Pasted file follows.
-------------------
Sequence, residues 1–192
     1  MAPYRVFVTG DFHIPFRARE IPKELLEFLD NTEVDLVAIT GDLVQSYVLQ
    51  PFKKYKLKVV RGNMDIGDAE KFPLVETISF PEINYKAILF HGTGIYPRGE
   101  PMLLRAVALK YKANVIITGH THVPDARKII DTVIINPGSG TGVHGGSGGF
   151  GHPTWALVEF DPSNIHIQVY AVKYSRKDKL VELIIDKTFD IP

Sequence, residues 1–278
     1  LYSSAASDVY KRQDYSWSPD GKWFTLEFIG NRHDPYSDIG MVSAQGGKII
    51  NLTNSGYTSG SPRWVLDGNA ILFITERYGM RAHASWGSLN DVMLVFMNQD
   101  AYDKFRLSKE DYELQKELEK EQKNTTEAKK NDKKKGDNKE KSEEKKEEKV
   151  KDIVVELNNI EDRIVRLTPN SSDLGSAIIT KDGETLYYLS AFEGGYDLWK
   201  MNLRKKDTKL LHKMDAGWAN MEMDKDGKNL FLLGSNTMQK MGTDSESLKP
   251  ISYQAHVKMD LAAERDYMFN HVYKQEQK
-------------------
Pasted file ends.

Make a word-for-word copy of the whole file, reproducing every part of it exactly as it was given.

Sequence, residues 1–192
     1  MAPYRVFVTG DFHIPFRARE IPKELLEFLD NTEVDLVAIT GDLVQSYVLQ
    51  PFKKYKLKVV RGNMDIGDAE KFPLVETISF PEINYKAILF HGTGIYPRGE
   101  PMLLRAVALK YKANVIITGH THVPDARKII DTVIINPGSG TGVHGGSGGF
   151  GHPTWALVEF DPSNIHIQVY AVKYSRKDKL VELIIDKTFD IP

Sequence, residues 1–278
     1  LYSSAASDVY KRQDYSWSPD GKWFTLEFIG NRHDPYSDIG MVSAQGGKII
    51  NLTNSGYTSG SPRWVLDGNA ILFITERYGM RAHASWGSLN DVMLVFMNQD
   101  AYDKFRLSKE DYELQKELEK EQKNTTEAKK NDKKKGDNKE KSEEKKEEKV
   151  KDIVVELNNI EDRIVRLTPN SSDLGSAIIT KDGETLYYLS AFEGGYDLWK
   201  MNLRKKDTKL LHKMDAGWAN MEMDKDGKNL FLLGSNTMQK MGTDSESLKP
   251  ISYQAHVKMD LAAERDYMFN HVYKQEQK